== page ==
Patriot Grounding Advice for Patriot Electric Fence and Chargers

GROUNDING & TESTING

What is a Ground System?

A grounding system is the most important component of any electric fence system. If an electric fence is not properly grounded, it will be much less effective.

How does Ground Work?

For an electric fence to give an animal an electric shock, electrons must complete a circuit. Electrons travel from the charger, along the wires, through the animal’s body, through the soil to the grounding system, then back up to the charger. The grounding system consists of a number of ground rods (ground stakes) that absorb electrons in the soil. The larger the charger and the longer the fence line, the more ground rods are required.

What Factors will Affact the Ground System?

Dry, sandy and non-conductive soil types allow electrons to spread out without being absorbed by the ground rods. If you have soil that is not well suited to grounding, use additional ground rods, choose a better location for the ground system, or use an alternate method of grounding. Vegetation touching the live fence wires allows electronsto leak, causing the fence to “short” and voltage to drop. Check the fence regularly to make sure that long grass and overhanging branches are not touching the live fence wire. Using a mixture of metals in the ground system will lead to electrolysis. This may cause the parts of the ground system to disintegrate in a short period of time. For example, never use copper wire with galvanized ground rods.

Ground Systems - All Live

An all live ground system is recommended where soil is conductive (most moist soils are conductive). When an animal standing on the soil touches the fence, the circuit is completed and the animal gets a shock.

Ground Systems - Ground Wire Return

A ground wire return system is recommended where soil is not conductive (most dry or sandy soils are not conductive). The fence is constructed using both live and ground wires. When an animal touches a live and a ground wire at the same time, the circuit is completed and the animal gets a shock.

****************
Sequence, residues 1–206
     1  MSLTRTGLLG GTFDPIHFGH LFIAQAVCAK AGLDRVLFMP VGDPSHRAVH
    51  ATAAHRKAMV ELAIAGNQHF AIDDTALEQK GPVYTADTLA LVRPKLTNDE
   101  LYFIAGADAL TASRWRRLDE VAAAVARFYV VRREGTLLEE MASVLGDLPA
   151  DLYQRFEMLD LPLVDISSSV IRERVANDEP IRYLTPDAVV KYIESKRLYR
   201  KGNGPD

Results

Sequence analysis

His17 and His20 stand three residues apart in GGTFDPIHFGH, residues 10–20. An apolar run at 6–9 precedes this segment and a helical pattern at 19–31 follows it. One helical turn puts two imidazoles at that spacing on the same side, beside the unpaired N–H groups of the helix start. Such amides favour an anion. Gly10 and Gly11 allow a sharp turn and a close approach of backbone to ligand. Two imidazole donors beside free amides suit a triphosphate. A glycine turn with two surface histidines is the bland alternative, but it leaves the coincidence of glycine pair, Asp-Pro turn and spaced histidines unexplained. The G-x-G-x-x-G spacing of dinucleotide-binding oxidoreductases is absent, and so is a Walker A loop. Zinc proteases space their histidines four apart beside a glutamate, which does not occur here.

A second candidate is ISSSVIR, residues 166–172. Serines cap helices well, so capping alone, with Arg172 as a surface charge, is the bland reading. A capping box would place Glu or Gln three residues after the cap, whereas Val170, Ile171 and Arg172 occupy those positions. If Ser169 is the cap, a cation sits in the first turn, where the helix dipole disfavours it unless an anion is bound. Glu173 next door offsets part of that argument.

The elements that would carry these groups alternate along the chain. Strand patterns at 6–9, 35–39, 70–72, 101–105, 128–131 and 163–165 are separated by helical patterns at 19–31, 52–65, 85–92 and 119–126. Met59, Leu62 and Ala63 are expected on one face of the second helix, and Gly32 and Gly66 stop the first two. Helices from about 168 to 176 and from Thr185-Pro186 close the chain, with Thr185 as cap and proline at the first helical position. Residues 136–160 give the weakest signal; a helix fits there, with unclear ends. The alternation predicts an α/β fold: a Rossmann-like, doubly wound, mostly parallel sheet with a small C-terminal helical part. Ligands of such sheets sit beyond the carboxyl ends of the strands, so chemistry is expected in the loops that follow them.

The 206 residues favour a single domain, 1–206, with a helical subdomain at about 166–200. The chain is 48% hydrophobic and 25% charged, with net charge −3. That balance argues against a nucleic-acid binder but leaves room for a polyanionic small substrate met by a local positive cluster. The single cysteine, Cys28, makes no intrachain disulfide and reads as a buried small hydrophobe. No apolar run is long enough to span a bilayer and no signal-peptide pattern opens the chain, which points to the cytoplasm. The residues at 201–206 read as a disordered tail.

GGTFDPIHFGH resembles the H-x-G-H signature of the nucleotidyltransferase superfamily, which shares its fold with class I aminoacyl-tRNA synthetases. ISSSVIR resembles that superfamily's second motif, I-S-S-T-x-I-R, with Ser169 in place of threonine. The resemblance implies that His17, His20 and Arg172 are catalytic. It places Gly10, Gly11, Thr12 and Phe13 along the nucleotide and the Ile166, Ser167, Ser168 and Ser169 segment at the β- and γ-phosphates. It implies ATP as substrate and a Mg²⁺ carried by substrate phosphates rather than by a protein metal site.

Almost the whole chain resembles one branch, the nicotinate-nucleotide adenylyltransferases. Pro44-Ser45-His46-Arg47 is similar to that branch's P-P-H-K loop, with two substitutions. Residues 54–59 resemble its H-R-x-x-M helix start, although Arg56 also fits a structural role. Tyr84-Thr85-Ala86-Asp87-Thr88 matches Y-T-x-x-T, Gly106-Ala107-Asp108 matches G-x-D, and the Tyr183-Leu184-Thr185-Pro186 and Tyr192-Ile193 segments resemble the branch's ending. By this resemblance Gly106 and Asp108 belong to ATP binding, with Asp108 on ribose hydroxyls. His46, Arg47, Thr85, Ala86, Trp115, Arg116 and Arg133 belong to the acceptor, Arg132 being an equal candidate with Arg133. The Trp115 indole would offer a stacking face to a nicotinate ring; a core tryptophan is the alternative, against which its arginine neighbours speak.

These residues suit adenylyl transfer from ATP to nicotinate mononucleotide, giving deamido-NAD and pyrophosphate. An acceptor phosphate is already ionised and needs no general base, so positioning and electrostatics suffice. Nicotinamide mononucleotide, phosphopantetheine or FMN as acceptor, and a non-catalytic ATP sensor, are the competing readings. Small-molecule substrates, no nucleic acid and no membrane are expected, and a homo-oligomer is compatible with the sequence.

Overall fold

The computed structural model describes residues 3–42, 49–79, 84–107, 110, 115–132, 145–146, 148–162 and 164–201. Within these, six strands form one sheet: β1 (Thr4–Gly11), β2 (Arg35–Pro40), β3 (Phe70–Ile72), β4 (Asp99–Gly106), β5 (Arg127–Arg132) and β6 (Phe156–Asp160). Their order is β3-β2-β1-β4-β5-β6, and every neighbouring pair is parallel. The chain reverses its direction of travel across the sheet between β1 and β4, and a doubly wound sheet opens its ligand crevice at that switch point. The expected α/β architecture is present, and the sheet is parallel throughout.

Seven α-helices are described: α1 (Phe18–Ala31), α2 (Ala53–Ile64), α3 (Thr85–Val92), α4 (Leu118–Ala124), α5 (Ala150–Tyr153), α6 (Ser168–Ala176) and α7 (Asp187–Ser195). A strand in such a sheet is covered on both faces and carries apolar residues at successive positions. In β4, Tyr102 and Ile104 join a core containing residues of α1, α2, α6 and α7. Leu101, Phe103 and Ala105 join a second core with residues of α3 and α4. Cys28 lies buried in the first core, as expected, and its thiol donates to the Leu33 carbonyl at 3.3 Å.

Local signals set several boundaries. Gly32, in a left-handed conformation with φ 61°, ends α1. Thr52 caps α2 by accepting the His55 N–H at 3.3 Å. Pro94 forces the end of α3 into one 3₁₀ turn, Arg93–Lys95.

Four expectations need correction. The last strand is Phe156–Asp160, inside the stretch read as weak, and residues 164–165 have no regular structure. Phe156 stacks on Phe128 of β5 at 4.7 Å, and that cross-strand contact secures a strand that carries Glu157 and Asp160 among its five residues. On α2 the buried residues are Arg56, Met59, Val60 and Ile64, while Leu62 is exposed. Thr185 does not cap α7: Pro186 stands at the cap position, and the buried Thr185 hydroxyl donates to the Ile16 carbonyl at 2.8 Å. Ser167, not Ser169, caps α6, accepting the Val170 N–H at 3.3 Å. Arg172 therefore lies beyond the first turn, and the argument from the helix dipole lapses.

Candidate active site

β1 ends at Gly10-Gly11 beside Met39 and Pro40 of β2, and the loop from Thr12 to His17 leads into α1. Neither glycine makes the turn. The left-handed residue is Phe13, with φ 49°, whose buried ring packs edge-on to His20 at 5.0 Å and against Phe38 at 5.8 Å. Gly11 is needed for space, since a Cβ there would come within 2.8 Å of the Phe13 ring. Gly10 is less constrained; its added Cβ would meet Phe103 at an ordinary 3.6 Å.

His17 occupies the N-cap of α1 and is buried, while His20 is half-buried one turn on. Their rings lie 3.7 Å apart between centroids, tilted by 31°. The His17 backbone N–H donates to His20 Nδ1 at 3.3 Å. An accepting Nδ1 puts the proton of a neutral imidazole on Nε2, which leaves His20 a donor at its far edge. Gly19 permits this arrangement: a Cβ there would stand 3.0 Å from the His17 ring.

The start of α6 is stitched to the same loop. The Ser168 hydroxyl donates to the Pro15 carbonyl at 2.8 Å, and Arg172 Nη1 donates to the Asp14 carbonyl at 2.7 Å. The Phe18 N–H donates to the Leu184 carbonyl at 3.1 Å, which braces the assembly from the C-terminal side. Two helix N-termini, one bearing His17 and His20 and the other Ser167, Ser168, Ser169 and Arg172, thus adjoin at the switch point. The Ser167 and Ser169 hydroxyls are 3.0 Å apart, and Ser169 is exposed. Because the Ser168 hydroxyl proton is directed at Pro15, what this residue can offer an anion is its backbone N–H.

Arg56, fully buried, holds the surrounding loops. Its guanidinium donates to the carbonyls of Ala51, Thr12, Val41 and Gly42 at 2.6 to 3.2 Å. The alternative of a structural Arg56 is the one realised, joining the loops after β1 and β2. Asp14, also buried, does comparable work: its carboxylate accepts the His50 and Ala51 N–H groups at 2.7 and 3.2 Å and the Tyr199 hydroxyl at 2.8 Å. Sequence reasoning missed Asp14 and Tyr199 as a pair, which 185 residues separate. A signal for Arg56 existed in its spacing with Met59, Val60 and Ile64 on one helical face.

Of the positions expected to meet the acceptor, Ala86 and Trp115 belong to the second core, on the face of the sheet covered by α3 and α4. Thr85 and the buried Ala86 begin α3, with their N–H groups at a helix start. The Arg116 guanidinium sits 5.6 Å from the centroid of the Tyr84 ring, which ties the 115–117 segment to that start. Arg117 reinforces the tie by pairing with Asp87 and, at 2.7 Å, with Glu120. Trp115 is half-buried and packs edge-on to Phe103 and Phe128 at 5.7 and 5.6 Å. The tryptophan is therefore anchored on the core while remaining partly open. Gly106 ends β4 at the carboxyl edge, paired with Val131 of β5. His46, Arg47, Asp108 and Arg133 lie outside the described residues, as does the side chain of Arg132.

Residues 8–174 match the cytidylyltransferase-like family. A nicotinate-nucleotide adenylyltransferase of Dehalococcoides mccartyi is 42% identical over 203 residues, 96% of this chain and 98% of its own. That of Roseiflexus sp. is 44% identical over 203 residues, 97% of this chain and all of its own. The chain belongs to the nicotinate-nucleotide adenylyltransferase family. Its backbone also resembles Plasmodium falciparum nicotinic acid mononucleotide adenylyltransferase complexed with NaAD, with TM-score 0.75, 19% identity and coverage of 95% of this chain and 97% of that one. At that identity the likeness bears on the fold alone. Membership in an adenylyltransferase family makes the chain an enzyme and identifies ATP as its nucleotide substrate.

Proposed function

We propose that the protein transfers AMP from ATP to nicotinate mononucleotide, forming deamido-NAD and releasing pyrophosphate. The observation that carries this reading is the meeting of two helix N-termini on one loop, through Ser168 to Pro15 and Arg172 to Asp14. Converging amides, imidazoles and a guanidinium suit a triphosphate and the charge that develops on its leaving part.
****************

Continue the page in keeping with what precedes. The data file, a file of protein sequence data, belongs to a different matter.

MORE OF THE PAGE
Selecting a Site for the Ground System

A suitable place for the ground system is:

  • At least 30’ away from any other ground system (i.e., telephone, house power line, etc.).
    • Away from livestock or other traffic that could interfere with the installation.
    • Where the system can easily be accessed for maintenance.
    • Ideally, where there is damp soil all year round (i.e., a shaded area or under the drip line of a building). NOTE: If it is not possible to locate the ground system in close proximity to the energizer, you may be able to use the existing fence line to connect to a remote ground system. In dry weather, it may be necessary to water the ground system in order to improve soil conductivity.
  • Ground Rods

    The number of ground rods depends on the type of charger being used to power the fence. Refer to information supplied with your charger for more information about the correct number of ground rods to use. To insert the ground rods:

    1. Space the required number of 6’ ground rods at least 10’ apart.
    2. Drive 6’ ground rods deeply into the soil, at least 10’ apart. Make sure that the ground rods protrude out of the soil at least 3” so they can be easily connected.
    3. Join the ground rods in a series using joint clamps (or ground clamps) and insulated cable.

    Testing the Ground System

    1. Turn off the charger.
    2. At least 330’ away from the charger, heavily short circuit the fence by laying several steel rods (or lengths of pipe) against the fence. In dry or sandy soils, drive the rods up to 12” into the soil.
    3. Turn on the charger.
    4. Use a digital voltmeter to measure the fence voltage. It should read 2 kV or less. If not, put more steel rods against the fence.
    5. To check the ground system, insert the voltmeter’s ground probe into the soil at the full extent of the lead and attach the clip to the last ground rod. The voltmeter reading should be no more than 0.3 kV. If the reading is higher than this, the ground system is insufficient. See the grounding checklist, add more ground rods, or find a better location for your ground system.

    Ground Checklist

    Check your ground system to make sure:

    • All wires are joined securely.
    • Connections to ground rods are secure.
    • Ground rods are at least 6’ long and at least 10’ apart.
    • There are a sufficient number of ground rods.
    • All parts of the ground system are made of the same metal.
    • Ground rods are buried deeply in the soil.